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During the Blood Donation Procedure

You lie or sit in a reclining chair with your arm extended on an armrest. If you have a preference for which arm or vein is used, tell the person who is collecting your blood. A blood pressure cuff or tourniquet is placed around your upper arm to fill your veins with more blood. This makes the veins easier to see and easier to insert the needle into. It also helps fill the blood bag more quickly. Then the skin on the inside of your elbow is cleaned.

A new, sterile needle is inserted into a vein in your arm. This needle is attached to a thin, plastic tube and a blood bag. Once the needle is in place, you tighten your fist several times to help the blood flow from the vein. First, blood is collected into tubes for testing. Then blood is allowed to fill the bag, about a pint (about half a liter). The needle is usually in place about 10 minutes. When your donation is finished, the needle is removed, a small bandage is placed on the needle site and a dressing is wrapped around your arm.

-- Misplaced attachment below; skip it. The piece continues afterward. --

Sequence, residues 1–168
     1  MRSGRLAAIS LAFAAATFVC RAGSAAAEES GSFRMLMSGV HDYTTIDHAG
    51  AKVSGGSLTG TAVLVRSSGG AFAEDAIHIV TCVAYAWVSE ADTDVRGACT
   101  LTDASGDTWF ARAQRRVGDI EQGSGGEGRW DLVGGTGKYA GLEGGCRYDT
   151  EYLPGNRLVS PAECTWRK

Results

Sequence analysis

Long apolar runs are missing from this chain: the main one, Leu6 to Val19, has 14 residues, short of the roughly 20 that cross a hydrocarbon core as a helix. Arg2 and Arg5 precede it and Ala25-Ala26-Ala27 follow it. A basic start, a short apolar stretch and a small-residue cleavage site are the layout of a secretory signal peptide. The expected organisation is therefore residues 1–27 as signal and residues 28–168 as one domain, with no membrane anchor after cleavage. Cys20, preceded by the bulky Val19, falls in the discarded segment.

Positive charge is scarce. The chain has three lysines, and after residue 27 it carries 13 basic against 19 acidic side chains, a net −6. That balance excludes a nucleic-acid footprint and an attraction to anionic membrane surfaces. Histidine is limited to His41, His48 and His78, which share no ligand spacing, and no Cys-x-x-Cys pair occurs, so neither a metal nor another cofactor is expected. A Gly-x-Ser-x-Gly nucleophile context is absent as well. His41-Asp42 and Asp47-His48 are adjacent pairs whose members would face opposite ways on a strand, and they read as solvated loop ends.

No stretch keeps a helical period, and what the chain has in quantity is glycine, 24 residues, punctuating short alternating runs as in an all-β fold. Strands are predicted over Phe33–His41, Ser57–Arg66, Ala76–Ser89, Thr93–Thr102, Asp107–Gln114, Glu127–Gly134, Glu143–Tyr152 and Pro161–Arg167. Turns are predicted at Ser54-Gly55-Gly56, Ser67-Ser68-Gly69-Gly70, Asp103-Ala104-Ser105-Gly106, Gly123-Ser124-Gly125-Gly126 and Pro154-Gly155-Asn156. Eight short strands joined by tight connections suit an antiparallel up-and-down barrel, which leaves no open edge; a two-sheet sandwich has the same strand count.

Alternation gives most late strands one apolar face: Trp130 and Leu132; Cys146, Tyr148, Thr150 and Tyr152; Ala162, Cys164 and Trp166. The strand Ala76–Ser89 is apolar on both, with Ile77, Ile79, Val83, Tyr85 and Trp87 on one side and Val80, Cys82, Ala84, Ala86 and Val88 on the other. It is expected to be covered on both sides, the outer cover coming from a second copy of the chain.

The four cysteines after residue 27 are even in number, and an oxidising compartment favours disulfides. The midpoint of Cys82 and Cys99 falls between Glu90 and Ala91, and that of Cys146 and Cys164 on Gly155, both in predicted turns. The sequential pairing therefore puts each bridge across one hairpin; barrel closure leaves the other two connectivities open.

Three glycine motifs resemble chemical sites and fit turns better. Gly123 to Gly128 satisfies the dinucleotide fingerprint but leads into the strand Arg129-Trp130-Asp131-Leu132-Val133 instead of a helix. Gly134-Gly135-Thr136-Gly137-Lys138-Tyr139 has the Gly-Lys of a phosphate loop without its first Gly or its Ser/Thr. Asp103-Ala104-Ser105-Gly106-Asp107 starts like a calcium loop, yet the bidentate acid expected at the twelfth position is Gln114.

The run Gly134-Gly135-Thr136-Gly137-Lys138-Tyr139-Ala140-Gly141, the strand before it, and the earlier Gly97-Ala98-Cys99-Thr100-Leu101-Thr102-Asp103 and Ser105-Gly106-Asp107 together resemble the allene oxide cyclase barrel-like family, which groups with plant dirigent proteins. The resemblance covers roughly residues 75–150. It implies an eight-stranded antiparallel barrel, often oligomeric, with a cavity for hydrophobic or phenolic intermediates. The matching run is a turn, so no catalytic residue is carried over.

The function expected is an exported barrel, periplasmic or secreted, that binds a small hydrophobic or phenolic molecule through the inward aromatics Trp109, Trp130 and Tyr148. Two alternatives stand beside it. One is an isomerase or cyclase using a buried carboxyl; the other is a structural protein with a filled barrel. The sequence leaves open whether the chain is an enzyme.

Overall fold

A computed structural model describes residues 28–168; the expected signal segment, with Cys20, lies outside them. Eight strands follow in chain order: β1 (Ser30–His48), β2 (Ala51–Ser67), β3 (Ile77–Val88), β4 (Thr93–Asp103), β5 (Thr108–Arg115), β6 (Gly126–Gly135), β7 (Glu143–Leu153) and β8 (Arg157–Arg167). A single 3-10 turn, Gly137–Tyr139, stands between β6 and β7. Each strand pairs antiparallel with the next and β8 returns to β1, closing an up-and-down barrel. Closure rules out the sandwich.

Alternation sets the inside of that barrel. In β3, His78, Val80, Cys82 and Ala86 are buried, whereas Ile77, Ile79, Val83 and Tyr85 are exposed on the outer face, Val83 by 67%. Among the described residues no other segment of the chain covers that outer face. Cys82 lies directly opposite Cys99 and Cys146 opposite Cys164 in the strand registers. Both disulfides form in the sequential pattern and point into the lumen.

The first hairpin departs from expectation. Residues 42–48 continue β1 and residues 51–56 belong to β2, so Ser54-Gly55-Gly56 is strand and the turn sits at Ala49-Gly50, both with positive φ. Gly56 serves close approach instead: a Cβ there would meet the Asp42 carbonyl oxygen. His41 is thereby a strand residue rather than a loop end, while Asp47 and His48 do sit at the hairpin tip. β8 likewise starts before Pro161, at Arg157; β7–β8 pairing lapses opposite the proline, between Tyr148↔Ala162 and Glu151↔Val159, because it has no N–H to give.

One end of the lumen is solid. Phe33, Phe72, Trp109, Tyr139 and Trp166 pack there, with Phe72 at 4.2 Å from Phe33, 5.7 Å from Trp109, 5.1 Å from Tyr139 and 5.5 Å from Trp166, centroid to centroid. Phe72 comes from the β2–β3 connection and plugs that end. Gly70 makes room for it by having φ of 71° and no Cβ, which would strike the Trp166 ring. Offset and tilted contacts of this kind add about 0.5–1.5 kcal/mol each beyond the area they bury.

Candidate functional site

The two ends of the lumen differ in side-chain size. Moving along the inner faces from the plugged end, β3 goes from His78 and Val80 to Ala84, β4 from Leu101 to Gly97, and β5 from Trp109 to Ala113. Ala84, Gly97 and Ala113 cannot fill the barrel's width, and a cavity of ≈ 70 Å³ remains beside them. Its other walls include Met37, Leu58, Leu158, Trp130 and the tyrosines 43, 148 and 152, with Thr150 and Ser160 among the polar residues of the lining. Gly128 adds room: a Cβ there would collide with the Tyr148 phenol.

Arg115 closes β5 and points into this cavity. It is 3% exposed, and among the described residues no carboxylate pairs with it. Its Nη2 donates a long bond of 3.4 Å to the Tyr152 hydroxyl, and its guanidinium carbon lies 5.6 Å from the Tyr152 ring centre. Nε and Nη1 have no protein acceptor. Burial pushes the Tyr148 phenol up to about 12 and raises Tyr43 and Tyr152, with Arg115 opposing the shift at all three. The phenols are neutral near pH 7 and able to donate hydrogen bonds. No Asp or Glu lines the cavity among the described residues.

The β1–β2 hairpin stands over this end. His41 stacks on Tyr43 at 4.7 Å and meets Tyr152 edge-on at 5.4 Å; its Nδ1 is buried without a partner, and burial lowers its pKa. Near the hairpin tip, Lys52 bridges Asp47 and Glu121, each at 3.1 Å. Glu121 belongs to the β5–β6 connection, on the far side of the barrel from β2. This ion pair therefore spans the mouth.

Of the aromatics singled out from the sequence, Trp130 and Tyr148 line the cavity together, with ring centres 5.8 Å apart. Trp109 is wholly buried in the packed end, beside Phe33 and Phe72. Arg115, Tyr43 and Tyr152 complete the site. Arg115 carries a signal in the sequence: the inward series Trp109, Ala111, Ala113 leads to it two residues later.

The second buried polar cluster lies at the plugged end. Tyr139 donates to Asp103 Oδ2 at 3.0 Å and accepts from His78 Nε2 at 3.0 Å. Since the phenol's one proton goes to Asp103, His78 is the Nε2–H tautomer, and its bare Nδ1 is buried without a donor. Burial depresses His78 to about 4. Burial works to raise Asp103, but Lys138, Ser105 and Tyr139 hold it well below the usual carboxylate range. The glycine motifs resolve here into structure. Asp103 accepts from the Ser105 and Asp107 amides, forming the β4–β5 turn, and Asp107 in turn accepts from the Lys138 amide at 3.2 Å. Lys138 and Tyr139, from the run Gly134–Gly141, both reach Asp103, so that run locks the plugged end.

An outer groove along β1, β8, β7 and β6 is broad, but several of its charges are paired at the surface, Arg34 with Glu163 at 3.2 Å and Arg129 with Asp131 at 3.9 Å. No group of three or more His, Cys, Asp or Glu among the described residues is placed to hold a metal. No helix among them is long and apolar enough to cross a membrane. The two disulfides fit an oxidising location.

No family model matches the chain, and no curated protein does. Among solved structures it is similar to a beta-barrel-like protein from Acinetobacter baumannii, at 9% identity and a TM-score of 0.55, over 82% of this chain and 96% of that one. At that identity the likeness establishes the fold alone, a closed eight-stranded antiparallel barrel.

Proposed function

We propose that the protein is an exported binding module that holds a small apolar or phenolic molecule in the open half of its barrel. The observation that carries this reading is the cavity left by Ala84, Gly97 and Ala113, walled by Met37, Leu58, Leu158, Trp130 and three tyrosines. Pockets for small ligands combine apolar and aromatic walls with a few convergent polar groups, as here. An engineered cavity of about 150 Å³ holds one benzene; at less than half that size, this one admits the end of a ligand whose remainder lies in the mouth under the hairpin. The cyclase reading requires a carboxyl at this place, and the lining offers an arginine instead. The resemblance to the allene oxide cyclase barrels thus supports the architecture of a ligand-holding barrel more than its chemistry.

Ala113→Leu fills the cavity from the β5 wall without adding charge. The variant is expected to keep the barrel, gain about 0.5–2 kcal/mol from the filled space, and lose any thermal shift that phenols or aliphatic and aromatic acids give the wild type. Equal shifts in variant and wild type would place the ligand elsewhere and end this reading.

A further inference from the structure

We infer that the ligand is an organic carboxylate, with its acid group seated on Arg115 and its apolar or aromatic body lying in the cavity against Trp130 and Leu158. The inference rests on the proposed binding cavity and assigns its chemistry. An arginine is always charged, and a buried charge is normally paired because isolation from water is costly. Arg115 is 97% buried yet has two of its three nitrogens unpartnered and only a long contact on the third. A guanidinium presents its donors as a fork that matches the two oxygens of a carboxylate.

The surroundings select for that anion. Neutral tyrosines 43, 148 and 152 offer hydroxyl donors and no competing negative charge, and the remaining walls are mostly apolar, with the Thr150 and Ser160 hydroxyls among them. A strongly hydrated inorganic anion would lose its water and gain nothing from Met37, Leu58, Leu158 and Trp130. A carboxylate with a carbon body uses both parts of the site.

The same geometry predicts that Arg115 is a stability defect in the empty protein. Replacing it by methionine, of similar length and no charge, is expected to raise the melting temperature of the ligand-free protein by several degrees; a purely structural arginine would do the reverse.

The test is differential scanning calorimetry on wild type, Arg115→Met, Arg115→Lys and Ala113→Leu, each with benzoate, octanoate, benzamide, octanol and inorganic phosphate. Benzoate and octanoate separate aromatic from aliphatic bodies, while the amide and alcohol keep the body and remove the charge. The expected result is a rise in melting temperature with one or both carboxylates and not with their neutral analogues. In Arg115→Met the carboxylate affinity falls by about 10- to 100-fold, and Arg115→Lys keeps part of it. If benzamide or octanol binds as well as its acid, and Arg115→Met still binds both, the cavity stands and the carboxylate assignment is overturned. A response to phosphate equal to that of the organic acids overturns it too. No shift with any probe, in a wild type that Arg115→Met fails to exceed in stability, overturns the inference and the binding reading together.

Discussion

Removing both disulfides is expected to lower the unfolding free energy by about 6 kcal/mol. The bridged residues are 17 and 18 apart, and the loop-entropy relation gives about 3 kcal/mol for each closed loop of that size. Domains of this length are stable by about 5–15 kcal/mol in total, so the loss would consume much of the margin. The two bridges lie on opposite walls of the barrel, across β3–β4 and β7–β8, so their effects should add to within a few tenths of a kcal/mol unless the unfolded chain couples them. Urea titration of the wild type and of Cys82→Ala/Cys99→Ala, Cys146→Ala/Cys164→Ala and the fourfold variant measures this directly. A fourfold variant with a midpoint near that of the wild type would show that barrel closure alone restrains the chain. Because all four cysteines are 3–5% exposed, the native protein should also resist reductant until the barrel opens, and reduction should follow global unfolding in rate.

Another method of donating blood becoming increasingly common is apheresis. During apheresis, you are hooked up to a machine that can collect and separate different parts of your blood, such as red cells, plasma and platelets. This process allows more of a single component to be collected. It takes longer than standard blood donation — typically up to two hours.